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Without this money it would be impossible to realise this project. The transport and the stay there are essential for the collection of samples, which cannot be processed without laboratory equipment.

Endorsed by

This research is very relevant and necessary, due to the environmental changes that are occurring in southern South America, with drier winter seasons and greater human encroachment on coastal lands, which has increased during the Covid-19 pandemic. For these reasons, it is very relevant to know the health status of penguins, as sentinel birds of anthropogenic impact, providing knowledge to improve their conservation status and prevent threats to their health.

Project Timeline

Sampling will be carried out from September until December.

Samples are intended to be taken on 9 different days for Isla Cachagua and 3 for Islote Pájaro Niños. On the same day or the following day, the samples will be sent to the laboratory for processing and will be analysed during the following days.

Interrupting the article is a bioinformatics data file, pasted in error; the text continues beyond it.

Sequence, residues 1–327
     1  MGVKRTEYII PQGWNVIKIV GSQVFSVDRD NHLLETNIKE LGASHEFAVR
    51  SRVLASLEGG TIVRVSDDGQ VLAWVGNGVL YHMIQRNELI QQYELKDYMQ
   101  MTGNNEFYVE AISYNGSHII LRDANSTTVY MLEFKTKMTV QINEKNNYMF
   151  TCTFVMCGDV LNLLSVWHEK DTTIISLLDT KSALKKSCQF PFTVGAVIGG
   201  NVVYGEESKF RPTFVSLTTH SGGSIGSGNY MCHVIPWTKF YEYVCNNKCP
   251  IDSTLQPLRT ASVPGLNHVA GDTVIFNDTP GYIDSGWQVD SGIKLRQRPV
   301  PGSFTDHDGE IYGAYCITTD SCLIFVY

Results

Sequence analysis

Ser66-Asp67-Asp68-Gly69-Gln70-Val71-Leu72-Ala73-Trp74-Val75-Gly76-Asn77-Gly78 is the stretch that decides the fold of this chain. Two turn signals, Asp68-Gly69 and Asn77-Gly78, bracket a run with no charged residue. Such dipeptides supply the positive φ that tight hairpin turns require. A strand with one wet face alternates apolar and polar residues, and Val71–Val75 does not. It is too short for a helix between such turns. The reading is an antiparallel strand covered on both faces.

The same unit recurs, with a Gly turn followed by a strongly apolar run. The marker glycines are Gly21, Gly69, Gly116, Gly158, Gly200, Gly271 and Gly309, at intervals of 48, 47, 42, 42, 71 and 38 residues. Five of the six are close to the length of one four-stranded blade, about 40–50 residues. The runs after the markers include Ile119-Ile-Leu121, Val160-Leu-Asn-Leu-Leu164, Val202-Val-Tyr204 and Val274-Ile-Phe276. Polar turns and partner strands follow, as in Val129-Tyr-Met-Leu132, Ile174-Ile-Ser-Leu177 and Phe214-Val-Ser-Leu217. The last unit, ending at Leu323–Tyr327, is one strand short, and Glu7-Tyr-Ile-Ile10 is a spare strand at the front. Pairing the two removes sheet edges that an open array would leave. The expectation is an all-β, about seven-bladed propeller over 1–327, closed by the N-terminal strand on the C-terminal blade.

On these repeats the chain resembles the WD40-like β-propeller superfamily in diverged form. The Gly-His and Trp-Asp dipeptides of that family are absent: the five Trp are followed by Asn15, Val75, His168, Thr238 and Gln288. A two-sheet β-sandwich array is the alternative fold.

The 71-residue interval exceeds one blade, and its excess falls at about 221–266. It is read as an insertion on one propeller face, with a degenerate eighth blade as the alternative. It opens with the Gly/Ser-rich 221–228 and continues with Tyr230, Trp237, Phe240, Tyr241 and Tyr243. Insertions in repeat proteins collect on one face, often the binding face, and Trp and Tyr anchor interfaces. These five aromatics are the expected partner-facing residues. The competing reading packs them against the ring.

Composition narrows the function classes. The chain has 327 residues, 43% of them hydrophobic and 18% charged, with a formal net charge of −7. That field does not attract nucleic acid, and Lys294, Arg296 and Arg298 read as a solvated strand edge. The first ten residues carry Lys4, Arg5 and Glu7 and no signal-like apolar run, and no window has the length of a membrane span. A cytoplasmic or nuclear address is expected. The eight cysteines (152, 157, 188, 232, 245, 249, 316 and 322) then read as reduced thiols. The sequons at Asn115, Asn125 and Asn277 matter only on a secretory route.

The results are expected to be shown in March and the complete work finally exhibited in June.

Jul 01, 2022

Project Launched

Sep 10, 2022

Travel to Santiago de Chile

Dec 10, 2022

Sampling and analizing at the laboratory

Mar 10, 2023

Show first results

Jun 10, 2023

Ending the project

Meet the Team

Clara Maria Wiederkehr Bruno
Clara Maria Wiederkehr Bruno
Neil Anderson
Neil Anderson


Royal (Dick) School of Veterinary Studies, University of Edinburgh, Roslin, UK
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Team Bio

A volunteer assistant will be sought for the sampling.

The work will be supervised by Dr. Peter Lurz, lecturer at the University of Edinburgh and by Dr. Patricio Retamal Merino, lecturer at the University of Chile, who will help me with the laboratory work.

Clara Maria Wiederkehr Bruno

My name is Clara María Wiederkehr Bruno, I am a veterinary surgeon graduated from the Complutense University of Madrid in 2019. I am currently studying a Master's degree in Conservation Medicine at the University of Edinburgh, for which I have to carry out a conservation project for my final year and it is for which I want to carry out this research.
I have always been passionate about and focused my career on wildlife, with a special affinity for penguins. I currently live in Costa Rica, working in a veterinary hospital with wild animals and dogs and cats.
However, it has been thanks to the master's degree and the last few years that I have developed a keen interest in conservation, broadening my focus from wildlife medicine to the conservation of their ecosystem and their relationship with domestic animals and humans. It is for this reason that I believe it is essential to research and learn more about the status of these animals, in order to be able to propose solutions and preventive measures to the destruction of their habitats.